The Solomon Valley is full of fascinating cultural treasures to explore.
Where else can you find the World's Largest Ball of Twine (Cawker City),
the only Black settlement west of the Mississippi (Nicodemus, and an 1880s working sheep ranch (Cottonwood Ranch State Historic Site at
Known for world class
pheasant hunting, the area also provides outstanding opportunities
to hunt other upland game, deer, turkey, and waterfowl. Webster and
Glen Elder Reservoirs, along with other smaller lakes and farm ponds, provide
excellent fishing opportunities.
Whether your interests lie in history, genealogy, architecture, shopping,
outdoor sports, or just the opportunity to see Kansas at its best,
travel the Solomon Valley and learn the Stories of Land of Man of Nature.
Discover the History
of the Solomon Valley
-- Read an Excerpt Following the Poem Below --
Album Verse To Lilly
You are the Lilly of the valley,
The Solomon I mean;
But not the lovely rose of Sharon,
That orient garden queen:
Though you're full sweet and pure and lovely
To bloom in that blest spot,
Stern fate decrees that on these prairies
You cast your humble lot.
__W. L. Robeson, Hill City.
A Brief History of the Solomon Valley
...an excerpt from: Weaving the Common Threads of the Solomon Valley Fabric -- a project of the Solomon Valley/Highway 24 Heritage Alliance, in association with the Kansas Humanities
Council through a Heritage Program Grant.
Both forks of the Solomon River have their headwaters in far western Kansas. The South Fork Solomon River rises in eastern Sherman County. It becomes a permanently flowing stream near Tasco in what is now Sheridan
County and flows east a total of 208 miles before merging with the North Fork Solomon River, which forms in Thomas County and after 218 miles reaches the junction with the South Fork. The two rivers combine to form the Solomon River, which flows east and then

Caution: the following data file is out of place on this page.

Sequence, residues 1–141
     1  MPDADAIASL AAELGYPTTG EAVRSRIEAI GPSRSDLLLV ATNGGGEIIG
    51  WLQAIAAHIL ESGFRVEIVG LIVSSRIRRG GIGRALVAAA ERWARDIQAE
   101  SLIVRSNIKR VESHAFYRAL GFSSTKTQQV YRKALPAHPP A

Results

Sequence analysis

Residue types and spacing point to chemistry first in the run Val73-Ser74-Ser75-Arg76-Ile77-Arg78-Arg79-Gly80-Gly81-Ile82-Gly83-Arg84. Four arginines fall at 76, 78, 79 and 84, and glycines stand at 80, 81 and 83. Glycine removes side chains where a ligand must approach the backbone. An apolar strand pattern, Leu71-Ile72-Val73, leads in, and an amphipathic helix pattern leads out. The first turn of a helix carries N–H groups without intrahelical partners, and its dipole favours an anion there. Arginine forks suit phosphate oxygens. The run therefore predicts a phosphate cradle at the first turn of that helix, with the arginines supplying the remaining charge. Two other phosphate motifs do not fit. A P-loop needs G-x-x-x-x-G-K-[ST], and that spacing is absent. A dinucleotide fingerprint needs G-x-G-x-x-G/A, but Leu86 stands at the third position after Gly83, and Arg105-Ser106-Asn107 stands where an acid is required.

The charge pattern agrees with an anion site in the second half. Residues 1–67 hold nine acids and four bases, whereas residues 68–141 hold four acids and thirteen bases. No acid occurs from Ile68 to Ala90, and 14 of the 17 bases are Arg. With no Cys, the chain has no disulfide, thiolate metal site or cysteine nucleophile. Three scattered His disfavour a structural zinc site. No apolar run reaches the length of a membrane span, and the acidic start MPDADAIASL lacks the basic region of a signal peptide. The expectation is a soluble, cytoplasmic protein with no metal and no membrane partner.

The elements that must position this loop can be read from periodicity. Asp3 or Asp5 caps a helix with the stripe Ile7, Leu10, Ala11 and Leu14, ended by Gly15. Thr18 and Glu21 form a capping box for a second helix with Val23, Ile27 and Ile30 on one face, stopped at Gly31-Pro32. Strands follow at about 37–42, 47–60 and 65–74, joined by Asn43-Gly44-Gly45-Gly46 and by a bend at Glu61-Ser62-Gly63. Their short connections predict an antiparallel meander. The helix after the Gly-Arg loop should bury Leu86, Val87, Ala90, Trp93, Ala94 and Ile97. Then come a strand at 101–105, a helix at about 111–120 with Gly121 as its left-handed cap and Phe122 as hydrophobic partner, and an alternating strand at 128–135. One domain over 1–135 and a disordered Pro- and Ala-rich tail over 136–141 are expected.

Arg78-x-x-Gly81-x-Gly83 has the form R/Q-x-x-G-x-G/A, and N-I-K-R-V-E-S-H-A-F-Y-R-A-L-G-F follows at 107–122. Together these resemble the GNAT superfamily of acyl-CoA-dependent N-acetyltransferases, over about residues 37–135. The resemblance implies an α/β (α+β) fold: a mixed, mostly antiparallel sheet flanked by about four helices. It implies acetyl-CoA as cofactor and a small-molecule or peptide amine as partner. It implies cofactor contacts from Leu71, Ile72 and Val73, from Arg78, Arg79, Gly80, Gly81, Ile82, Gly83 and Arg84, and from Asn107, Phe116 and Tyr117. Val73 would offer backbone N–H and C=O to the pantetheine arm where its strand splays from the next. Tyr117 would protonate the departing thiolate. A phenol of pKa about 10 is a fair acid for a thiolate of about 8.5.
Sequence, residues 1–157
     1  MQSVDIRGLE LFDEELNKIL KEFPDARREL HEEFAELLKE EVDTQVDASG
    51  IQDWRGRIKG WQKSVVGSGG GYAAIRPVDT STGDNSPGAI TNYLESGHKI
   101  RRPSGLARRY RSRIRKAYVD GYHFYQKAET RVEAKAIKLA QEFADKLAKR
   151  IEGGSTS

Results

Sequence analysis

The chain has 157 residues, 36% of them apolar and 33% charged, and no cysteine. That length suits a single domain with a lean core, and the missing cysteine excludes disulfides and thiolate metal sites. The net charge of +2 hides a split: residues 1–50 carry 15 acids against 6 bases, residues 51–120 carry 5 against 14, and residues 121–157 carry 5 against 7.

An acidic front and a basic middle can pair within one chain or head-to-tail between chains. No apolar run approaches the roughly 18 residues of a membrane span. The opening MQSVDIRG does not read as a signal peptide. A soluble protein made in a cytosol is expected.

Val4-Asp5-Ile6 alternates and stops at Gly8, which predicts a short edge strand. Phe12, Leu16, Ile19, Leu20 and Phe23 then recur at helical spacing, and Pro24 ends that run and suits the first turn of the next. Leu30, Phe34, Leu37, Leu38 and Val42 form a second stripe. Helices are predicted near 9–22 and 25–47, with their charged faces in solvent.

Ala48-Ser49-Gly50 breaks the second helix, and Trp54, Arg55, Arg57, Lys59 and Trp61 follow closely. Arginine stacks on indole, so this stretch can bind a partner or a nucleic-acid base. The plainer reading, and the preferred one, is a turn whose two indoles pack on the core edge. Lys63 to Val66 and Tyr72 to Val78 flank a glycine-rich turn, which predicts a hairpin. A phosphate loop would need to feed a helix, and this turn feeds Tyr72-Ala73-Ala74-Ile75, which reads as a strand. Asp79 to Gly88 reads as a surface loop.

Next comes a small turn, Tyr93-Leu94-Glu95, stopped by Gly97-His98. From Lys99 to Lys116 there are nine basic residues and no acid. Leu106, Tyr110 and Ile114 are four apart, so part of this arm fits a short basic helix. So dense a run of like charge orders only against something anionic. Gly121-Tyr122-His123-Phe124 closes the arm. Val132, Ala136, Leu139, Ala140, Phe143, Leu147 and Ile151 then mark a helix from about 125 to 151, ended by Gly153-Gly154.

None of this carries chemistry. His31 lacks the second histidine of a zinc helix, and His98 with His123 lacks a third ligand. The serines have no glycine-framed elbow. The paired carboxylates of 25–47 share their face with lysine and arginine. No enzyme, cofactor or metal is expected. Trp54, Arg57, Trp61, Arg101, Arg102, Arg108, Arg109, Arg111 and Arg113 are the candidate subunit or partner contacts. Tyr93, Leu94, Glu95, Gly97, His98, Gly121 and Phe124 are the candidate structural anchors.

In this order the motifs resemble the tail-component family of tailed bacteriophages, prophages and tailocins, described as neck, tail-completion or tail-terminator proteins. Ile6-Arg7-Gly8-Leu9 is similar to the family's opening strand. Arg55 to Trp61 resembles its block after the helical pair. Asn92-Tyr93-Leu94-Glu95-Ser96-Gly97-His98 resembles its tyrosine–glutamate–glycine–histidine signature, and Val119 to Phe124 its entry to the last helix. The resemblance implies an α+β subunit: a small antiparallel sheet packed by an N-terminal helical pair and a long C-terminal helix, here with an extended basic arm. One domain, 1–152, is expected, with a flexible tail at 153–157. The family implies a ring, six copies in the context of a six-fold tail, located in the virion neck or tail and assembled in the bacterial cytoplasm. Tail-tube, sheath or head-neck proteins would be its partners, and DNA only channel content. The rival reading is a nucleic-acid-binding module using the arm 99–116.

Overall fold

southeast for approximately 70 miles before its final confluence with the Smoky Hill River in Saline County, Kansas.
The Indians knew the Solomon
River as the Nepaholla, meaning "Water on the Hill"–a reference to the legendary Waconda Spring located in the river valley. In 1683 Marquette explored the Solomon Valley area and mentioned it in his journals. Etienne Veniard deBourgmond visited the area in
1712 and claimed it for France. In 1744 the French explored the river and wrote the first detailed report on the valley. They named the river in honor of the French Intendent of the Louisiana Territory, Salmon; later the name was corrupted to Solomon. As a
result of the 1803 Louisiana Purchase, the area went from French to American control and by 1861 became a part of the state of Kansas.
The valley of
the Solomon River and its two forks provided an important water source for inhabitants and wildlife. The vegetation and rolling hills adjoining the river were excellent habitat for wildlife and livestock. The Indians, no doubt, valued the water source as
much, or more, as we do today. Regarded as one of the prime hunting grounds in the central plains region, the Solomon River valley was visited by many tribes. The Pawnee, Delaware, Pottawatomie, Cheyenne, Kansas, Osage, Arapahoe, Kiowa, and Sioux all camped
along the river (sometimes friendly to each other, and sometimes not) and trapped otter and beaver while hunting for deer, elk, antelope, bear, and buffalo.
In October 1806, explorer Lieutenant Zebulon Pike of the United States Army camped on the North Fork Solomon River two miles west of what is now the city of Downs. Pike coined the phrase "the Great American Desert" for the
Great Plains that became popular and unfairly hampered settlement of this region for decades. When the settling of the Solomon River valley area began at last in the 1850s people followed the river west. The first non-Indian men in the area were hunters and
trappers. The streams flowed high and swift, providing the homesteaders water for families, animals and crops to be grown. Fish also provided a good source of food.
The first settlers dug or found caves next to the river and enclosed them. They were the hunters as well as settlers. Later the homesteaders sought a place close to water. The later immigrants were homesteaders and the river
helped them survive. Since the river provided food and water, they planted trees for shade and wood. The area along the river provided grass and water for their livestock and later for gardens
and crops. Eventually this resulted in some irrigation of crops from the rivers.
Beginning in the 1860s enough settlers were claiming homesteads
that, one by one, towns were being founded during the westward expansion up the valley.
---Compiled by Von Rothenberger, Project Facilitator
© Copyright 2002 Solomon Valley/Highway 24 Heritage Alliance
Back to Top